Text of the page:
OSLO (Reuters) - Norway will likely keep travel restrictions in place until Aug. 20, Prime Minister Erna Solberg said on Friday, as it negotiates a path between restarting economic activity and preventing a new wave of coronavirus infections.
The restrictions include official advice against travelling abroad unless necessary, a 10-day quarantine for all people returning from abroad, and no entry to most non-Norwegians who do not have the right to live and work in Norway.
“We do not wish to maintain these (restrictions) longer than we have to, and at the same time we want to give people as well as the travel industry in this country as much predictability as we can,” Solberg told a news conference.
“My advice is to plan for holidays in Norway,” she added.
The three Baltic republics have set up a “travel bubble” allowing free travel between each other but that is yet to happen for nearby Nordic countries, which collaborate closely, though this would be considered before June 15.
Norway may decide to loosen restrictions imposed on leisure travel from other Nordic states - which include Denmark, Sweden, Iceland and Finland - by June 15, and will consider admitting travellers from selected other European countries by July 20.
Sweden, which shares a 1,630-km (1,000-mile) border with Norway, has adopted a mix of legislation and recommendations in response to the coronavirus pandemic, rather than declaring a full lockdown as seen in most of the rest of Europe.
Sweden has registered more than 3,500 coronavirus-linked deaths - a toll far lower than many large EU countries but around five times higher than Denmark and more than 10 times that of its other Nordic neighbours.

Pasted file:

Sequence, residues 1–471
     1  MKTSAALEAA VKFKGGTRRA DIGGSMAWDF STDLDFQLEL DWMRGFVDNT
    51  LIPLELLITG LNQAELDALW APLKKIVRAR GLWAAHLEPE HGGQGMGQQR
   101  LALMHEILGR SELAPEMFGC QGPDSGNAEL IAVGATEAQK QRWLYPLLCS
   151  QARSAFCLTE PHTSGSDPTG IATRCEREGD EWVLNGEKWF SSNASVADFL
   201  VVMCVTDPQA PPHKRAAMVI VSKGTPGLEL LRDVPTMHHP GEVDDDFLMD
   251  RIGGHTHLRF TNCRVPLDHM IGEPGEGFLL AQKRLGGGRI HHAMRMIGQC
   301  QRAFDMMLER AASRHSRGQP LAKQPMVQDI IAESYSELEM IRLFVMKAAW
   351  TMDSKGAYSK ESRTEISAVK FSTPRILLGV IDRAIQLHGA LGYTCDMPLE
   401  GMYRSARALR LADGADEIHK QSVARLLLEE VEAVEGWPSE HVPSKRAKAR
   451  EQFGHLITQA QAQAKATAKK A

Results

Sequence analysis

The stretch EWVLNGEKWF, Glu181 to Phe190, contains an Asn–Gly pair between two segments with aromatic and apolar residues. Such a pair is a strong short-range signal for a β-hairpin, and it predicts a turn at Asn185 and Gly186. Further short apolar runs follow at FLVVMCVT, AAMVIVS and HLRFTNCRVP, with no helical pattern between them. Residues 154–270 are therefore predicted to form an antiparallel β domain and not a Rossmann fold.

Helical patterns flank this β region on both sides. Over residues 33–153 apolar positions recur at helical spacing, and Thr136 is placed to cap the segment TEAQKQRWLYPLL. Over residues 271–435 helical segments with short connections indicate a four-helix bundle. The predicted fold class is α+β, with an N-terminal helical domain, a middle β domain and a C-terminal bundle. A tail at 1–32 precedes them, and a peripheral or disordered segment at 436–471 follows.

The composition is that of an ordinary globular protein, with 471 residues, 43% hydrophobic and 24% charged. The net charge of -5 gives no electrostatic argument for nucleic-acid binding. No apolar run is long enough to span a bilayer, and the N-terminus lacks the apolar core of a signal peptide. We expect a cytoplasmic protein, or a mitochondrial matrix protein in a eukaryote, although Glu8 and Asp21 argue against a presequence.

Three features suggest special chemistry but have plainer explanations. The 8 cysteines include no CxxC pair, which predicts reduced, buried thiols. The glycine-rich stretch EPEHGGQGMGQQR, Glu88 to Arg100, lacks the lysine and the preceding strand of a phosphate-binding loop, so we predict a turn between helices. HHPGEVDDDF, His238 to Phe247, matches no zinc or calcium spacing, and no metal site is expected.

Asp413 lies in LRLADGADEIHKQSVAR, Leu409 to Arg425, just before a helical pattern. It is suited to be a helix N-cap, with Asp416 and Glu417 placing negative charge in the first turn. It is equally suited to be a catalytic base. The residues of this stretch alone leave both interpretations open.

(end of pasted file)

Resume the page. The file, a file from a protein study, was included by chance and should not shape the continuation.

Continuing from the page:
“We have a clear ambition to do it (reopen travel) Nordic-wide by June 15 but we have to assess the individual countries’ situation with contamination,” Foreign Minister Ine Eriksen Soereide told public broadcaster NRK.
Foreigners working in sectors considered crucial to Norway, such as agriculture, fisheries or the oil industry, are already allowed to come into the country though they still have to submit to a 10-day quarantine.
While the government is encouraging domestic tourism this summer, the exclusion of foreign tourists without offering substantial financial support to travel firms will trigger a string of bankruptcies, warned the Enterprise Federation of Norway, locally known as Virke.
“The government is suffocating the charter holiday industry,” the lobby group said in a statement.
Additional reporting by Terje Solsvik; Editing by Mark Heinrich
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